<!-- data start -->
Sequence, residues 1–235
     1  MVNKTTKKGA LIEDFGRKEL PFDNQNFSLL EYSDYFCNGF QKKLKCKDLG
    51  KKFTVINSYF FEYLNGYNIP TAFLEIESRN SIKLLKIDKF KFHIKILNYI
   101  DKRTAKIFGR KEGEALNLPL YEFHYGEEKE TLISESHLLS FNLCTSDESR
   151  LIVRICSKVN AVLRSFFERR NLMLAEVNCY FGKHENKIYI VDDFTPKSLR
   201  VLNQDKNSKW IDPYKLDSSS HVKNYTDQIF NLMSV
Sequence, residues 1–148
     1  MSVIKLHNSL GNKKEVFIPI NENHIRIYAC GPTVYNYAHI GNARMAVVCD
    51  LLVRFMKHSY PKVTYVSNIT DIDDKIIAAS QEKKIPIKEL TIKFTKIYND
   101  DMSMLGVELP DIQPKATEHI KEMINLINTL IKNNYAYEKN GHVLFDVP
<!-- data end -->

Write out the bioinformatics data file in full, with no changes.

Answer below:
Sequence, residues 1–235
     1  MVNKTTKKGA LIEDFGRKEL PFDNQNFSLL EYSDYFCNGF QKKLKCKDLG
    51  KKFTVINSYF FEYLNGYNIP TAFLEIESRN SIKLLKIDKF KFHIKILNYI
   101  DKRTAKIFGR KEGEALNLPL YEFHYGEEKE TLISESHLLS FNLCTSDESR
   151  LIVRICSKVN AVLRSFFERR NLMLAEVNCY FGKHENKIYI VDDFTPKSLR
   201  VLNQDKNSKW IDPYKLDSSS HVKNYTDQIF NLMSV
Sequence, residues 1–148
     1  MSVIKLHNSL GNKKEVFIPI NENHIRIYAC GPTVYNYAHI GNARMAVVCD
    51  LLVRFMKHSY PKVTYVSNIT DIDDKIIAAS QEKKIPIKEL TIKFTKIYND
   101  DMSMLGVELP DIQPKATEHI KEMINLINTL IKNNYAYEKN GHVLFDVP